For the 10th anniversary of the publication, Chambers is working on a follow-up paper that will incorporate the last decade of scientific advancement.

Her team is still compiling a body of published research before beginning the analysis, making it too early to draw conclusions. Chambers said one issue of particular interest is whether levels of chronic pain in children have increased; many clinicians believe that they have risen.

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Despite the success of projects like the 2011 literature review, Chambers said she became frustrated by how little of the research on childhood pain was being applied in the real world.

“It wasn’t just knowledge that was holding people back,” she said. “We have a lot of the knowledge, but people aren’t necessarily aware of the science.”

As recently as the 1980s, the orthodoxy around childhood pain had been that it was largely a non-issue, particularly in very young children. Babies often underwent surgery without the benefit of anesthetic because doctors believed that their neurological systems were not developed enough to feel pain.

As the science advanced, many clinicians did not apply the new information, either because they were constrained by a lack of time and resources or because they did not consider pain management a top priority.

“Some of it is awareness. If you think of busy clinicians, the amount of growing scientific literature they need to keep up to date on, it’s just not feasible,” said Chambers. “But there are other barriers as well... sometimes it’s attitude, sometimes it’s willingness, sometimes it’s just hard to get pain to the top of the priority list.”

The slow adoption rates for pain research reflect a larger pattern in medicine: clinicians are often slow to adopt the latest science, instead holding fast to convention. A now-infamous 2001 study from the National Academy of Medicine in the United States estimated that advances in scientific knowledge take an average of 17 years to be reflected in clinical practices.

Inspired by the births of her children, Chambers teamed up with Children’s Healthcare Canada in 2018 to create Solutions for Kids in Pain. It aims to promote the application of the Centre for Pediatric Pain Research’s work, including in doctors' offices and hospitals – a process that she describes as “knowledge mobilization activity.”

Working with "Knowledge Brokers"

SKIP works with “knowledge brokers” in key cities, such as Edmonton, Ottawa and Toronto, to educate physicians and other medical professionals about how to minimize their patients’ discomfort. At its Halifax headquarters, the organization employs four to six staff who run the rest of the national network.

Children’s Healthcare Canada, which represents the country’s children’s hospitals, has rolled out SKIP methodology in all 48 of its member institutions nationally.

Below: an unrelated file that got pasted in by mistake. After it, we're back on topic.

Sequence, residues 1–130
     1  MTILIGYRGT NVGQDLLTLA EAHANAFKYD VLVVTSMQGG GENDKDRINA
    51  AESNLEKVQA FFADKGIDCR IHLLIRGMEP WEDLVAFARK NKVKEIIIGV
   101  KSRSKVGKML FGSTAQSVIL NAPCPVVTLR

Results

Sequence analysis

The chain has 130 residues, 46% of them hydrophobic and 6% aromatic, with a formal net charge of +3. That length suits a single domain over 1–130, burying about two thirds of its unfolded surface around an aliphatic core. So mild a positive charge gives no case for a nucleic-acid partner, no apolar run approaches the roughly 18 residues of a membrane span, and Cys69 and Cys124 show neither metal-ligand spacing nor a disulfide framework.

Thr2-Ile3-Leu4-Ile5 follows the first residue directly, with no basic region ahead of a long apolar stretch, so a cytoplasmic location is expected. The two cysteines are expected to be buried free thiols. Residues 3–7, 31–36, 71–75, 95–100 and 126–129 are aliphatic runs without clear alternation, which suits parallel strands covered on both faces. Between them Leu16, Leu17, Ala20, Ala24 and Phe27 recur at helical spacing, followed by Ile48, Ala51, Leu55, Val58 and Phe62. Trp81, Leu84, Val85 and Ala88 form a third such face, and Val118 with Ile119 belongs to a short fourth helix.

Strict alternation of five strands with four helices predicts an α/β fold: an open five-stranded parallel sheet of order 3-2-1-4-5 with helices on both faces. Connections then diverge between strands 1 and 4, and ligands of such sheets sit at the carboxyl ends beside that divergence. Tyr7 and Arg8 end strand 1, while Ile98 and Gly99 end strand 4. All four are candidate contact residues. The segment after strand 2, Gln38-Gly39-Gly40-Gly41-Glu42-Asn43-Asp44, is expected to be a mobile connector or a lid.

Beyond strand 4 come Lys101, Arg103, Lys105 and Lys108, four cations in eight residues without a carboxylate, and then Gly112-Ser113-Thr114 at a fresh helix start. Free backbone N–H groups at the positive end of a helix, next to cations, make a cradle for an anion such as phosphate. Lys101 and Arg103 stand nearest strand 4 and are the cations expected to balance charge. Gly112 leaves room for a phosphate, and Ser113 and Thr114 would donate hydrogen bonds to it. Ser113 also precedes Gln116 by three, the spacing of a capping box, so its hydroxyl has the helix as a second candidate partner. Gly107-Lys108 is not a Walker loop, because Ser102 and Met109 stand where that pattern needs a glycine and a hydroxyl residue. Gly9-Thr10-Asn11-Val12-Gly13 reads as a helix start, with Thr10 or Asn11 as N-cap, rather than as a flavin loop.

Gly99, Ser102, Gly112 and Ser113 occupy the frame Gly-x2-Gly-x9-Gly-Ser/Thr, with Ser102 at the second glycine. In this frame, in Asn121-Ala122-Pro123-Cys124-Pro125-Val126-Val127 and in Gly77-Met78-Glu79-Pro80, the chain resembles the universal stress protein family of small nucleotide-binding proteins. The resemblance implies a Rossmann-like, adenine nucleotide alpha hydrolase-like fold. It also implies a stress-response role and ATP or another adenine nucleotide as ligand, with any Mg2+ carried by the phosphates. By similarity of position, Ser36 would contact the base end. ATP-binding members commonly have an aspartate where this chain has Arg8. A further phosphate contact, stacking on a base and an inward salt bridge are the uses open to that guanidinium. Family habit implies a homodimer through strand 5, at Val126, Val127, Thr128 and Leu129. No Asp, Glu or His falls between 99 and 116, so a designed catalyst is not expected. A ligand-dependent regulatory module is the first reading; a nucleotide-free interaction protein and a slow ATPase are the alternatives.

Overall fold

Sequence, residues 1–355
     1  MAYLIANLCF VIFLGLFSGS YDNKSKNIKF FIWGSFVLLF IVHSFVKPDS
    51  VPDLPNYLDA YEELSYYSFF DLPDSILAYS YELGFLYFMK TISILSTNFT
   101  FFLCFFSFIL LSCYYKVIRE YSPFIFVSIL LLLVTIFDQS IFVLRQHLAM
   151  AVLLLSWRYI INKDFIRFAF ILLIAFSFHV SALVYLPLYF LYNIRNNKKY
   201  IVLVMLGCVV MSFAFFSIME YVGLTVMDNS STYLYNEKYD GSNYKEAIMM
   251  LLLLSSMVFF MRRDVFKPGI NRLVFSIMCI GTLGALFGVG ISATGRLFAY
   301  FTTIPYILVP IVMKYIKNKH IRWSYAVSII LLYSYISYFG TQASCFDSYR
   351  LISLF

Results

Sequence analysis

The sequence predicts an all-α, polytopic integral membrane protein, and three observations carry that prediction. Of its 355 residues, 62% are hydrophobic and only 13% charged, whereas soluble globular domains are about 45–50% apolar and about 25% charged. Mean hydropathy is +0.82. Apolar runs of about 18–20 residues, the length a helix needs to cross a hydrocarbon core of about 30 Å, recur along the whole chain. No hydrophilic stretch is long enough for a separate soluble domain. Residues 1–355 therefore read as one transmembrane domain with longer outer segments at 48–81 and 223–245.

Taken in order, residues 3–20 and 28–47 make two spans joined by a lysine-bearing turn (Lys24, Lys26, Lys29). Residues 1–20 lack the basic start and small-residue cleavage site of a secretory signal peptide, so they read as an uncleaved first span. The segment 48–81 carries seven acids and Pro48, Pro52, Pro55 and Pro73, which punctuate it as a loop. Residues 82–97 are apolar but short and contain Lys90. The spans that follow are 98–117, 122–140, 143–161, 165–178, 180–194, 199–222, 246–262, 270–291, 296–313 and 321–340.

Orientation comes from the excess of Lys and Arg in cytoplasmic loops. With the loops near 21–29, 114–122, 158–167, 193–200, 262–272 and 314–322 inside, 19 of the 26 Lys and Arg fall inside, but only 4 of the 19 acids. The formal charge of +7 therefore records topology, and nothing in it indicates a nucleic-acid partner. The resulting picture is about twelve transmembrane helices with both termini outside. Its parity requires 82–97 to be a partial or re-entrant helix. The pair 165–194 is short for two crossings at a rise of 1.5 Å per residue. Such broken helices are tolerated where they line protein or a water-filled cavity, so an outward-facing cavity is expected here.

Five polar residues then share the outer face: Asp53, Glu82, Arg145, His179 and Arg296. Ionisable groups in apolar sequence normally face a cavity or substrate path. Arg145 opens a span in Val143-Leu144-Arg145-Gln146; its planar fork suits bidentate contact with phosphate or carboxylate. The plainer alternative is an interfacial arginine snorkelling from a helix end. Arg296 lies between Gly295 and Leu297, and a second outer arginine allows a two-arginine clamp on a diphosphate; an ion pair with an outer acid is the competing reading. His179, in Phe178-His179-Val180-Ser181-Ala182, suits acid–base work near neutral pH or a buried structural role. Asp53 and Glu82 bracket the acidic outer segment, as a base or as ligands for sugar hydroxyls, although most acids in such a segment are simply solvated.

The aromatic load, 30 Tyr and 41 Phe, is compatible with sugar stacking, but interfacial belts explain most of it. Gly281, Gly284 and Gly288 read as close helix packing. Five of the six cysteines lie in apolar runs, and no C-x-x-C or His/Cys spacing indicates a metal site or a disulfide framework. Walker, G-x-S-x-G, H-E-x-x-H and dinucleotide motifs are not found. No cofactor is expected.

“SKIP really represents partnerships layered on top of partnerships layered on top of partnerships,” said Chambers. “We engage a large network of researchers and clinicians. It’s about a coordinating approach convening all kinds of different groups.”

The work of the knowledge brokers is augmented with periodic social media campaigns that build on research done by Chambers and the Centre for Pediatric Pain Research prior to SKIP’s creation, along with other research being conducted in Canada and around the world.

A foundational project was a 2013 YouTube video titled, “It Doesn’t Have to Hurt,” in which a verbose toddler suggests that parents and doctors distract children with games, songs, topical anesthetics and deep-breathing techniques during unpleasant medical procedures.

Online surveys, published in the medical journal JMIR Pediatrics and Parenting, showed that parents and medical professionals who viewed the video found it useful and planned to apply some of the suggested techniques with their own kids or patients.

SKIP does not conduct experiments, but Chambers said its activities often present opportunities for her research centre and other institutions to study knowledge mobilization techniques, allowing the two institutions to enjoy a synergistic relationship.

The result is that Chambers and her team are fast becoming a key resource for medical professionals.

“People reach out to us from all kinds of other areas, asking for advice and guidance,” she said. “They’ll say, ‘I’m in this other area of children’s health or adult pain, and we’d like to learn from what SKIP is doing so that we can make a difference in our research area.’ We’re really pioneering ways of getting research to people who need it.”